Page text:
Print Agenda

2017 Symposium Agenda – Saturday

8:00 AM
Los Osos
 
Easy Yoga
The classes offered this weekend will be of mixed styles and gentle in flow. They are intended for people all levels of ability and experience. Please come ready to relax, rejuvenate and prepare for a great day of learning and sharing with your fellow CCWR'ers.
Elaine Ibarra
Santa Barbara Wildlife Care Network
Elaine became a student of yoga in 1993 and began teaching in 1999. She has studied and enjoyed many different styles of yoga. Her preferred type in her private practice is Iyengar Yoga.
9:00 AM
Ballroom North/Center
 
CCWR General Meeting
Vann Masvidal
CCWR
Vann Masvidal is the current CCWR Board President.
9:30 AM
Ballroom North/Center
Mammalian Keynote Speaker
A Future for California's Mountain Lions
Though mountain lion rehabilitation is currently the responsibility of the California Department of Fish and Wildlife, the presence of mountain lions on the landscape is relevant to all wildlife professionals. California mountain lion law and policy is changing, as is the population vitality and status of lions in the state. Learn about some experiments with reintroduction into the wild, how mountain lions fare in captivity, and how the age and sex of lions plays into captive success. And take a look at recent trends and challenges to relocating lions in the wild. As threats to lions increase, people are finding new ways to coexist, and rehabilitators can help spread the word. The Mountain Lion Foundation brings 35 years of experience to the task of securing a brighter future for this invaluable apex predator.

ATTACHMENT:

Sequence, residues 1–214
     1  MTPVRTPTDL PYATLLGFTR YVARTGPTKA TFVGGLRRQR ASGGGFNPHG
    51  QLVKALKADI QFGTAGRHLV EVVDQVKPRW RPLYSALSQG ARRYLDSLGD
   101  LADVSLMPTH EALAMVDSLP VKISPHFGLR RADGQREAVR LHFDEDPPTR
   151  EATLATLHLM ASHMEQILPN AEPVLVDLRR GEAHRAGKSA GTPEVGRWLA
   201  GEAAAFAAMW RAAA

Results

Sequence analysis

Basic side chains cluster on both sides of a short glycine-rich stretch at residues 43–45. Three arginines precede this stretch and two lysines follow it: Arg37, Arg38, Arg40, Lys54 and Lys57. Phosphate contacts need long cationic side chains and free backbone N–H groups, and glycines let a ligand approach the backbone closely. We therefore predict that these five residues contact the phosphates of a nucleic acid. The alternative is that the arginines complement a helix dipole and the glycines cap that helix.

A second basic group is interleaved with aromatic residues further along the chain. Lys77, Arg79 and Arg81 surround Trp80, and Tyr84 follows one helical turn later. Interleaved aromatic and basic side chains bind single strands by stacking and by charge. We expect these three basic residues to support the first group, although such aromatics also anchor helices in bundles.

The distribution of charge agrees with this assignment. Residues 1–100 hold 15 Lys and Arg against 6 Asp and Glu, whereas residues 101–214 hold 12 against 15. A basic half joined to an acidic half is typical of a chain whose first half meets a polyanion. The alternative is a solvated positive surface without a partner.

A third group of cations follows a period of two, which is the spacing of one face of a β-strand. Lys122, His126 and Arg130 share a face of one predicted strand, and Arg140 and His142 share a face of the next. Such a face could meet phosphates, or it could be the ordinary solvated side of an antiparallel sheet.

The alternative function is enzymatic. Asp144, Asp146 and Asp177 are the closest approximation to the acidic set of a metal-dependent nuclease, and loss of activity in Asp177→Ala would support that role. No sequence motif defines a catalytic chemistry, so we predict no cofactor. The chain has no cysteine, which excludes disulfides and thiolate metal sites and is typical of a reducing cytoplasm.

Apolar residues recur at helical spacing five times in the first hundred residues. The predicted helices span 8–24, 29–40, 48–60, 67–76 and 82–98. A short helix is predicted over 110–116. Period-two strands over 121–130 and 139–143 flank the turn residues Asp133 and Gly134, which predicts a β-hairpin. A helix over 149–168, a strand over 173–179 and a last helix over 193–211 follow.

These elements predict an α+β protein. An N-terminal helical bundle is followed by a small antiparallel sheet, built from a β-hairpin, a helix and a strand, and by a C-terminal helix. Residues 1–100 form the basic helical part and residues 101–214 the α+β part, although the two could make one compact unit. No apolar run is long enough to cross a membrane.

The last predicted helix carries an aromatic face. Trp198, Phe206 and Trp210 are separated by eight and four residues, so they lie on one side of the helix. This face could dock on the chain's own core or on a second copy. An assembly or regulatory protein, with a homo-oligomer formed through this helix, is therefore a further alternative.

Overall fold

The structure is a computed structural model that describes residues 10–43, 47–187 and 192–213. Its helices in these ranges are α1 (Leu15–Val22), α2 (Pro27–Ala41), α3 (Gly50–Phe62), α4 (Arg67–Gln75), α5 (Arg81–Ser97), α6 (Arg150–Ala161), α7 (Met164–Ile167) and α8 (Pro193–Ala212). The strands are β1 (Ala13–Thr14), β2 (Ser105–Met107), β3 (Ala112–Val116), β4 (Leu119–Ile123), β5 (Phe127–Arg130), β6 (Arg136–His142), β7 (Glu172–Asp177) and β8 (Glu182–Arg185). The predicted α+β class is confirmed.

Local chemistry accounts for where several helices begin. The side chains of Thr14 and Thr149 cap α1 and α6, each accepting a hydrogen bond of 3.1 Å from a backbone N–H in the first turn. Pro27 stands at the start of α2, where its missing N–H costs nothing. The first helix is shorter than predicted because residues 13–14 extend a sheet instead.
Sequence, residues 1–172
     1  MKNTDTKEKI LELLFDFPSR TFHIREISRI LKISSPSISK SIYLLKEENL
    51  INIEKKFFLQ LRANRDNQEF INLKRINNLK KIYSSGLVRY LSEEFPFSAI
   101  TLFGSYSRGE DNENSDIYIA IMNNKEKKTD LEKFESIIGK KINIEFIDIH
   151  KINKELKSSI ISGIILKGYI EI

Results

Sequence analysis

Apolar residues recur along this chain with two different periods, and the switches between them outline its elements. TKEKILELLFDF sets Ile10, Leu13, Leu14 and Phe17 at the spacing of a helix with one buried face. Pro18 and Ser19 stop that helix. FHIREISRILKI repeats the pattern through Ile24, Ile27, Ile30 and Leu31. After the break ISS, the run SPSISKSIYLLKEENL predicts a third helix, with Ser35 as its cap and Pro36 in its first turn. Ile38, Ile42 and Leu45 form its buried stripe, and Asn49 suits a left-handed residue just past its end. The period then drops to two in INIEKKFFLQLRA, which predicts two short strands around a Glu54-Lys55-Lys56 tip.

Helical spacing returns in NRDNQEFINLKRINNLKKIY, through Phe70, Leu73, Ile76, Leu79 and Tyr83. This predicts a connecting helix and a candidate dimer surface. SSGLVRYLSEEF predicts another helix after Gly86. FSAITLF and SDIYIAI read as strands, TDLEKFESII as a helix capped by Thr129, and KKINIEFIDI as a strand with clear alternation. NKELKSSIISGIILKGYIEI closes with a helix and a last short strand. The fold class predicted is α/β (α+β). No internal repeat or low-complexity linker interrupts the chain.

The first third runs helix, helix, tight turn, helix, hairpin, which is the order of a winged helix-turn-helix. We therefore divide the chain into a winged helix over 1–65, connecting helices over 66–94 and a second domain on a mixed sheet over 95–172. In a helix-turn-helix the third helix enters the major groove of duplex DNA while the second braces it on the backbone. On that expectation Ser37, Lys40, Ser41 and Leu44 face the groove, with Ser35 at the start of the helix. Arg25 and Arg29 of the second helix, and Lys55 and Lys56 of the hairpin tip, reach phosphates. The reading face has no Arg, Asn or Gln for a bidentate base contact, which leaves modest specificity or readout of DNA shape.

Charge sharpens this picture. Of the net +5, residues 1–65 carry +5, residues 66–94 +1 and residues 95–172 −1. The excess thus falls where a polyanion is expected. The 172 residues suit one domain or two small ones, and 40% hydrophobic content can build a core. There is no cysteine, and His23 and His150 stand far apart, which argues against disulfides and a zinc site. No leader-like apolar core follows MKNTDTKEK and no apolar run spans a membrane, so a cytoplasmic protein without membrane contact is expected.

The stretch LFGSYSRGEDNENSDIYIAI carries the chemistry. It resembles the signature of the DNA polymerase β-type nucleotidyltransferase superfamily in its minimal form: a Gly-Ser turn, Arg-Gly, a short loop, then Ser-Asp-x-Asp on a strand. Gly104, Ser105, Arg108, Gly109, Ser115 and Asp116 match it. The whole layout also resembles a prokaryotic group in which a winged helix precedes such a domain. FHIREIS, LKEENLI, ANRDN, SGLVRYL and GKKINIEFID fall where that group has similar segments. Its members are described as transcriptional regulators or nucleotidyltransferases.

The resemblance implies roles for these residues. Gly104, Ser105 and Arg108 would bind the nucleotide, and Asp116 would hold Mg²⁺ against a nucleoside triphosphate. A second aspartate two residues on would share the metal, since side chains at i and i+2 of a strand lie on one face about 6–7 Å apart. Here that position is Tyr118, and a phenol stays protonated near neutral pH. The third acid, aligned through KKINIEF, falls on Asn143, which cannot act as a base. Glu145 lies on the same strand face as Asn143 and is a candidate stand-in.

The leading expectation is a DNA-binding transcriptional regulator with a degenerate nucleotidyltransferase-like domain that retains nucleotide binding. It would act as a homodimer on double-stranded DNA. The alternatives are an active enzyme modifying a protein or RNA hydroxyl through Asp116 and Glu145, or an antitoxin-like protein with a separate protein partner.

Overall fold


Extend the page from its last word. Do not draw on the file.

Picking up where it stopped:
Lynn Cullens
Mountain Lion Foundation
Lynn Cullens has been working with the Mountain Lion Foundation since 1989 when she volunteered during the Proposition 117 Campaign to end trophy hunting of lions in California. As Executive Director, she leads the organization's fight to end trophy hunting in 14 states and to reduce the number of mountain lions killed as a result of depredation, poisons, traffic, poaching and habitat loss.
10:30 AM
Ballroom North/Center
All Species Lecture
Poison Free Malibu/Raptors Are The Solution
Is rat poison our new DDT? Rat poison has infiltrated the wildlife food web and is causing widespread mortality of predator wildlife, as well as sub-lethal impacts. This presentation will discuss the impacts as well as Poison Free Malibu and Raptors are the Solution's efforts to educate the general public, including talks, fairs, billboard and public transit campaigns, and our new chapters in San Luis Obispo and Santa Cruz. We will discuss state legislation introduced this year to ban rat poison, efforts to ban rodenticides in the Coastal Zone and how we hope to move forward. PFM and RATS have worked with 26 cities to pass anti-rodenticide resolutions. We will also discuss other efforts we are engaged in to try to remove these poisons from the food web, including working with cities, businesses, homeowners associations and schools
Joel Schulman
Poison Free Malibu
Joel Schulman is co-founder of Poison Free Malibu. Poison Free Malibu has been working since 2012 to educate people about the dangers to predators from the widespread use of rat poison and about the ecological role the predators play in controlling rodents. PFM started in the Santa Monica Mountains of southern California where 90% of mountain lions, bobcats, coyotes, raptors and other carnivores have been found to have poison in their systems due to the proximity with urban centers. PFM works jointly with Raptors are the Solution on these issues.
10:30 AM
Edna
Mammalian Workshop
Rodent Identification: Clues and Methodology
Can you tell a western harvest mouse from a saltmarsh harvest mouse? That is a difficult call at first glance. The rodent diversity of California is greater than most people realize. There are over 30 species and subspecies of rodents which are federally listed species or Species of Special Concern in California. More precise identification will increase your ability to offer the best possible diet and improve your reporting practices. Use dichotomous keys and learn research measurements to better distinguish your species of mouse, rat, or other rodent. Practice will occur on both live and non-living specimens.